1 3/4 stars
My biggest accomplishment in summer camp one year was making a coat hook and a chessboard. The day camp offered a variety of classes for the campers; I chose wood shop. The first time I tried making a chessboard I got frustrated. My colored blocks of wood that I had cut out were not all symmetrical. Yes, even back then I was already a bit obsessive. Wanting to trash the whole idea, it was the camp counselor who took the time to encourage me to try again, after showing me a different way to cut the blocks out. I was not the only one who received help, there were other kids who received the counselor’s help. It was this individual’s patience and encouragement that made this class my favorite that summer. When a child receives positive motivation, the possibilities are endless for what they can achieve. In this inspirational documentary, the teachers of inner city school I.S. 318 are living proof of what a student can accomplish over challenging circumstances. With 70% of the student body coming from homes that were below the poverty level set by the federal government, the school’s chess team were national champions, the best in the country. They had won more championships than any other school in the nation. To hear these students’ personal stories only made their achievement that more impressive to me. This story followed the chess team as it attempted to repeat its past success, despite looming budget cuts that could eliminate them even before the start of competition. The film makers did a wonderful job of filming, giving the viewers a front row seat to the tension, nerves and fears these students experienced during their matches. If anyone has doubts on how much a teacher can influence their students, they need to see this impressive documentary.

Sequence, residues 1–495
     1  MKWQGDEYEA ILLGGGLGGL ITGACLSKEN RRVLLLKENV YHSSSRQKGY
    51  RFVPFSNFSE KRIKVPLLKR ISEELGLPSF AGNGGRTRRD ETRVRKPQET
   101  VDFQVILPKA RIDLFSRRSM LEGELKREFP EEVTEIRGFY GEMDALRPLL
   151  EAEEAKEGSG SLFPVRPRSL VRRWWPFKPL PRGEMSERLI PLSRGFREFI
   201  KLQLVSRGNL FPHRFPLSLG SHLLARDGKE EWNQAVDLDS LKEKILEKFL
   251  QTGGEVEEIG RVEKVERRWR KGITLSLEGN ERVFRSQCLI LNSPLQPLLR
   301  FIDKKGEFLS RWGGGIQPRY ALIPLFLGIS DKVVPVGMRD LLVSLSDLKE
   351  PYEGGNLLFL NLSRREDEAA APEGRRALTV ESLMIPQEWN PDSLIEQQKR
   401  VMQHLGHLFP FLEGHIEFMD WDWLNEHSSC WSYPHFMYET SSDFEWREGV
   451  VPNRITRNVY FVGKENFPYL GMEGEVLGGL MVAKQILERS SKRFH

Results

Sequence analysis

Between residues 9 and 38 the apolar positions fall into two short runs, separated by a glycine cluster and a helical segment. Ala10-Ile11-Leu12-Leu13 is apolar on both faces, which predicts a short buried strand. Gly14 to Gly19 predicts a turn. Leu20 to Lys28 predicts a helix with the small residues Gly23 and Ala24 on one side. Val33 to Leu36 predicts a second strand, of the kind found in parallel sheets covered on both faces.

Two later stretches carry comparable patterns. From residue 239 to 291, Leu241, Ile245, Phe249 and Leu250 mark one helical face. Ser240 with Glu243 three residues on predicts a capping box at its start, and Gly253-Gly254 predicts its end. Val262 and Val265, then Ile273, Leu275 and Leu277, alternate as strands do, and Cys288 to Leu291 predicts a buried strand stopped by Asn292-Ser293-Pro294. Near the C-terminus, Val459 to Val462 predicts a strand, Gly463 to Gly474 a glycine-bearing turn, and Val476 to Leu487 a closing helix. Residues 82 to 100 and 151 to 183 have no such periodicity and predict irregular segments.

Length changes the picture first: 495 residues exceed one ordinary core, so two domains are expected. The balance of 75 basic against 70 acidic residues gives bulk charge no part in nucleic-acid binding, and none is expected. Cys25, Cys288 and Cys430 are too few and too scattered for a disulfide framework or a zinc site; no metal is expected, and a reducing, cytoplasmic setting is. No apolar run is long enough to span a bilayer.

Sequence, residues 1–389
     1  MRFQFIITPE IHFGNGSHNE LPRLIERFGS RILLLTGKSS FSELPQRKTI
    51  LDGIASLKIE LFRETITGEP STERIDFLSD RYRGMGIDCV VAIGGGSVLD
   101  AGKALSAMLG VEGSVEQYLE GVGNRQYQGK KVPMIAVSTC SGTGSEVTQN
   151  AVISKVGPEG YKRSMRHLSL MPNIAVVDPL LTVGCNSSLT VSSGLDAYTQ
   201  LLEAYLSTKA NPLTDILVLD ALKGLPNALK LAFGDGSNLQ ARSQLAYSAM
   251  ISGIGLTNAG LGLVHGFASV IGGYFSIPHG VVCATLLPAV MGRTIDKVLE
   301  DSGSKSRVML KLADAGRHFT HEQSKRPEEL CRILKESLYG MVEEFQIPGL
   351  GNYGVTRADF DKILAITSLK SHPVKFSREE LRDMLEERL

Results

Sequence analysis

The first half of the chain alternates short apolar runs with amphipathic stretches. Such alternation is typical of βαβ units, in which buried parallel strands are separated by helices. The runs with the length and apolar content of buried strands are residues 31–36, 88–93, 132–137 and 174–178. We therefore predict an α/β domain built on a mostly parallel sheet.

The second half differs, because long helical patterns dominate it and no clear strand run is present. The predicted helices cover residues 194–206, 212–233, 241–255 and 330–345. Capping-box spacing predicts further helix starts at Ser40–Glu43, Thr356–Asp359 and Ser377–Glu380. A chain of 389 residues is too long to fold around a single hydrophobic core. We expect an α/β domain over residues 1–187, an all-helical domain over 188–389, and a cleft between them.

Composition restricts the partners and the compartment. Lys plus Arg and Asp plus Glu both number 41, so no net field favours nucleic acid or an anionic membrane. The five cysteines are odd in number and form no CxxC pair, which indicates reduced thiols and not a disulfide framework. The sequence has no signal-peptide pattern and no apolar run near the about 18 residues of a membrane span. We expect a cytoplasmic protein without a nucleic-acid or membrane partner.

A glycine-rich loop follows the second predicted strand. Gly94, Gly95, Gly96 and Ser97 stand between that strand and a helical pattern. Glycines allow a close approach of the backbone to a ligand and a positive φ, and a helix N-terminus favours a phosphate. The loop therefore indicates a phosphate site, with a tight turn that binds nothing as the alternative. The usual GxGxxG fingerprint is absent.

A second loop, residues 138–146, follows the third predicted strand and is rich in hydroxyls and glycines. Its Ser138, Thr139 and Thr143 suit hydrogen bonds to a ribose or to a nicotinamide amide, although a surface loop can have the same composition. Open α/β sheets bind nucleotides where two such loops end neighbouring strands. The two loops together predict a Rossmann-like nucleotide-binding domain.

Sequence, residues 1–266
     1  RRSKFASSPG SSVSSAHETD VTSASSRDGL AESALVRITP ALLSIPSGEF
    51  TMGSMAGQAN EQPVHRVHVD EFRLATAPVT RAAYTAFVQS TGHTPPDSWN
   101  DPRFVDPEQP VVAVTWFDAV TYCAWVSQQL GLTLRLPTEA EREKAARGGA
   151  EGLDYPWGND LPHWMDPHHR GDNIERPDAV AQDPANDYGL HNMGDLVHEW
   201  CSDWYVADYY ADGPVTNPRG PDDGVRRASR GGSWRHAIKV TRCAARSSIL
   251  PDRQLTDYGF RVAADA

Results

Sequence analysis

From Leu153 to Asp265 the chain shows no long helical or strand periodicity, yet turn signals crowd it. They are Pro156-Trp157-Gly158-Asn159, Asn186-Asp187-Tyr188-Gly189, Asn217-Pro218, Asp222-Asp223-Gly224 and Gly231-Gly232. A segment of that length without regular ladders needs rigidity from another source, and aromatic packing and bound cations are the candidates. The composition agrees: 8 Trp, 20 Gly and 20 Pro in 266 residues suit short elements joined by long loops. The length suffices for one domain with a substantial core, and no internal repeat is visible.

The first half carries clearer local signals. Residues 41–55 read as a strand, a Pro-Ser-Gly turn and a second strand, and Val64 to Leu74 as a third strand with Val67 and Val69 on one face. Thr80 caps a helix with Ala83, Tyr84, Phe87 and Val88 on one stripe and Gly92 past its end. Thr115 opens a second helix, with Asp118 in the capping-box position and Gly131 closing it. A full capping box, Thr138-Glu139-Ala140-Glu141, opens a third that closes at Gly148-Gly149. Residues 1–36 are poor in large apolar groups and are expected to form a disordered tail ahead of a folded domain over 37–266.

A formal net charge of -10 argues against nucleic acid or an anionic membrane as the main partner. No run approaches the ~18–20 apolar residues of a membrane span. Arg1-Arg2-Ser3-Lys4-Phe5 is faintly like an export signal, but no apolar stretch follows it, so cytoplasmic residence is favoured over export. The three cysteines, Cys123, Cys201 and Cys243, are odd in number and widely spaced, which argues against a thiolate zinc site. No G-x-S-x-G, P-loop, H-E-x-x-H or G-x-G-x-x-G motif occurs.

3 1/4 stars